Thrown For Loop?
Worry warranted, but don't panic
Yeah, a bit of worry is appropriate. We're just five games into the season and Clayton Kershaw, the Los Angeles Dodgers' ace, arguably the best pitcher in baseball, is on the shelf at least two to three weeks with a back injury originally framed as nothing serious.
Obviously, there's a realistic chance a youngster such as Kershaw will heal up nicely without recurrence, and it's certainly comforting that this DL stint marks the first in his career. But the way things have played out are certainly disconcerting, particularly when paired with Brian Wilson's DL time for elbow nerve irritation. Beyond Wilson's importance as a crucial set-up man (and standard bearer for all things "beard"), this is a guy who was shelved for most of 2012 and 2013 after Tommy John surgery.
I have no idea if the ailments are related, but it still provides pause. The glass-half-full crowd will point out how among the Dodgers' many strengths is depth, and that "next-man-up" luxury can be applied to the pitching staff. And that's true, although two of the folks expected to provide security, Josh Beckett and Chad Billingsley, are both coming off injury and their own availability is a question mark. While his rookie season was nothing short of phenomenal, Hyun-Jin Ryu's arm is nonetheless not completely used to the workload uptick of playing baseball in the states.
Even Zack Greinke's preseason calf injury raises eyebrows when you consider Don Mattingly's concern that the Australia voyage (and subsequent shortened spring training process) may have played a role in Kershaw's and Wilson's situations. In other words, there could be a ripple effect from the early foundation, or lack thereof.
To be clear, it's hardly time to panic. After all, the Dodgers are 4-1 and have a lot of high-end players in the clubhouse to help offset the absences. Mattingly is clearly adept at keeping this particular crew focused. But it's probably not the worst time to learn the panic button location. Or at the very least, purchase a panic button, then put the button on mothballs and hope to never remove it from the closet.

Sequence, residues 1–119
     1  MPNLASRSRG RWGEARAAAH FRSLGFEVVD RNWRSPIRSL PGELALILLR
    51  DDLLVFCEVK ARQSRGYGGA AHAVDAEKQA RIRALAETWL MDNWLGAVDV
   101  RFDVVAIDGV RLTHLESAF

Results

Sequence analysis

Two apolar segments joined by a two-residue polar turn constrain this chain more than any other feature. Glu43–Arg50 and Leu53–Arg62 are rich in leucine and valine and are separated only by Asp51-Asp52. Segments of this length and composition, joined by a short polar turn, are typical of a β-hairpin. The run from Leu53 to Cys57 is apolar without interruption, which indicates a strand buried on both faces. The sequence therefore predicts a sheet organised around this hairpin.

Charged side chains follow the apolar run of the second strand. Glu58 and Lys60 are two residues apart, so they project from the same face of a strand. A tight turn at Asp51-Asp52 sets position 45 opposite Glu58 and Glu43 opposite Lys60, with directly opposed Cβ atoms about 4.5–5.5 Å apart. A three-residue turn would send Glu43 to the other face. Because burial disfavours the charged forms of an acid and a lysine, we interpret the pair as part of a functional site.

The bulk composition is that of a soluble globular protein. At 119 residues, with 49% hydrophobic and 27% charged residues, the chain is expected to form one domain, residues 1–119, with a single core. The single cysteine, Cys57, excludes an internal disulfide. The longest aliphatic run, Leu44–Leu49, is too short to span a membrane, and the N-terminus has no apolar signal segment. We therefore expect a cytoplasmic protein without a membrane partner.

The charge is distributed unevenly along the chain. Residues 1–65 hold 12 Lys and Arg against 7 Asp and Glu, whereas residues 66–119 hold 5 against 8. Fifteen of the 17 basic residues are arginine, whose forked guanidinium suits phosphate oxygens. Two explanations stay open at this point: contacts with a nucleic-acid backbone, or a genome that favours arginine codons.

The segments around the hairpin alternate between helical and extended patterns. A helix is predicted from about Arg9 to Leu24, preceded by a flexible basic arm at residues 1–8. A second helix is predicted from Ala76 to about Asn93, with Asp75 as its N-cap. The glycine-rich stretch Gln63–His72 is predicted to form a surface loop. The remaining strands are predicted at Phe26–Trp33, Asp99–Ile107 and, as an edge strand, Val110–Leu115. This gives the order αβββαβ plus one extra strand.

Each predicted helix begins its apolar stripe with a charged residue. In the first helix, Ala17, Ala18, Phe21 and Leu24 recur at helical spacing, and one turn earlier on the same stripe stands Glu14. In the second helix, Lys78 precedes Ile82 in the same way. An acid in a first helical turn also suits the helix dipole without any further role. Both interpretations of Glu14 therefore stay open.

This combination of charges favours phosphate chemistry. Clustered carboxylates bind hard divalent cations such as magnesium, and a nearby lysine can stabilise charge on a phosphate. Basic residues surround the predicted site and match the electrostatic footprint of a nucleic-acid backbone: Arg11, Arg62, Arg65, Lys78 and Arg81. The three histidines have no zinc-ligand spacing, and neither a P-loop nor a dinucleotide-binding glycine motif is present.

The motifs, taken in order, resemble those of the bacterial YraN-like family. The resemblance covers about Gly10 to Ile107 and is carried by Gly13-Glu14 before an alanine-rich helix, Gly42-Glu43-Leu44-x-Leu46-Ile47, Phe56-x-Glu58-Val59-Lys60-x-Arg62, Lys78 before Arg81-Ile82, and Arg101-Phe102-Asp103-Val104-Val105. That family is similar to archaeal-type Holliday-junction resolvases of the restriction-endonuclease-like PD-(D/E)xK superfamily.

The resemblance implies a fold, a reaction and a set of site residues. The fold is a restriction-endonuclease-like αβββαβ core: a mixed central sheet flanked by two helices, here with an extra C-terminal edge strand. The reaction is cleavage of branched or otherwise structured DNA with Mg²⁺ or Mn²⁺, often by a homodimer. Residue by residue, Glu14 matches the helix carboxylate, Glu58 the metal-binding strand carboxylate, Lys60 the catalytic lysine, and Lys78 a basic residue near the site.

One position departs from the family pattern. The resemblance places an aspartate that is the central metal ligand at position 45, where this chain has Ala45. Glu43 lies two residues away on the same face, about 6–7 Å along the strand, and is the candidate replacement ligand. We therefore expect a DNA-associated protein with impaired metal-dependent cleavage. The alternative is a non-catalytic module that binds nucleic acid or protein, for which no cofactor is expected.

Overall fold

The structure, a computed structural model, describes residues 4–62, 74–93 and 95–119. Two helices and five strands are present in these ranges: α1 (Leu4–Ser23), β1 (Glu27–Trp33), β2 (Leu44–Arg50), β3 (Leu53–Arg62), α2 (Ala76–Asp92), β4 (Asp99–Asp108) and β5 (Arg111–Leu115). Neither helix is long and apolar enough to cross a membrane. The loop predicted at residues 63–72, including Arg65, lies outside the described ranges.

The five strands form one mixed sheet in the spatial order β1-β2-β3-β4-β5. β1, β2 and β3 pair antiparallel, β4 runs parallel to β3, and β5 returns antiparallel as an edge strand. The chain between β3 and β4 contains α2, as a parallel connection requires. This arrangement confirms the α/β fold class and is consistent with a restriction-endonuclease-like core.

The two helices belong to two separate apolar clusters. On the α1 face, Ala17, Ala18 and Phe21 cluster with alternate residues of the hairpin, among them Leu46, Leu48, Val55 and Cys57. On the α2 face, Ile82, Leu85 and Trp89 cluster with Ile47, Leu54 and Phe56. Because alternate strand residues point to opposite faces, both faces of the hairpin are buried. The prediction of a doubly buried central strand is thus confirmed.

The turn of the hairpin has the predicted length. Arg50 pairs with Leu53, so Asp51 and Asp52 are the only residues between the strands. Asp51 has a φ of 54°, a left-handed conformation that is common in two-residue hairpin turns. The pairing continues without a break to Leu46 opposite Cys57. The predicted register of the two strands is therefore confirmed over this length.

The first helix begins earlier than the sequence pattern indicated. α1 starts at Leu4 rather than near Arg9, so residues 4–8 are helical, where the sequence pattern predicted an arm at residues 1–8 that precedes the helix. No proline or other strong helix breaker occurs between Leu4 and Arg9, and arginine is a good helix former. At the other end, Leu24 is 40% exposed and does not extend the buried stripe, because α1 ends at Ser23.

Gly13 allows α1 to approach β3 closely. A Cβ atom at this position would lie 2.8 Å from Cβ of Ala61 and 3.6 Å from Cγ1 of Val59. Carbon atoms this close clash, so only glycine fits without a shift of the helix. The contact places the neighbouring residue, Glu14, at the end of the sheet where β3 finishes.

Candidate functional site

Dodgers deep, and it's still so early
Obviously the news isn't ideal, as both Clayton Kershaw and Brian Wilson hit the disabled list this week. We're talking about the best pitcher in baseball and a critical Bridge to Kenley (along with a very handy insurance policy should misfortune come Jansen's way). Jittery fans are surely saying, "It's not even Tax Day and they're already banged up!" True, but the important part of that sentence is the beginning: It's not even Tax Day.
Even if Kershaw is shelved until mid-May or even into June, it still leaves plenty of time for him to make a significant impact. Moreover, the Dodgers are extremely well-equipped to deal with his absence. Zack Grienke is a No. 2 in LA only because Kershaw exists. Hyun-Jin Ryu was rock solid last season and, over his first 12 innings this year, hasn't given up a run. Dan Haren was top-end quality in the second half of 2013 and was great in his first start. Paul Maholm is a completely competent Major League starter, which is more than most teams can say about their fourth guy.
That still leaves Josh Beckett, Stephen Fife, (eventually) Chad Billingsley, Matt Magill and the emergency chute Zach Lee as potential options in the fifth spot. These are decidedly first-world problems, and even if they mean the Dodgers scuffle around .500 for six weeks -- I don't think they will -- nobody in the NL West will run away and hide.
The Kershaw thing is scary because he's Clayton Kershaw, but nobody seems to think his injury is one that won't improve with rest. Nobody used the sinister, black magic words "shoulder," or "elbow." Wilson is more disconcerting, wrapping not just "elbow" but "nerve" into the equation. But good as he was last year, the Dodgers won a lot of games before he signed, and bullpen guys are the easiest thing to acquire as a season goes along. Particularly for a front office with L.A.'s spending power.
So yeah, it's not ideal, and if possible, the Blue should cool it on the injury front for a while, but overall, as the great producer Stanley Motss said in "Wag the Dog," "This is nothing."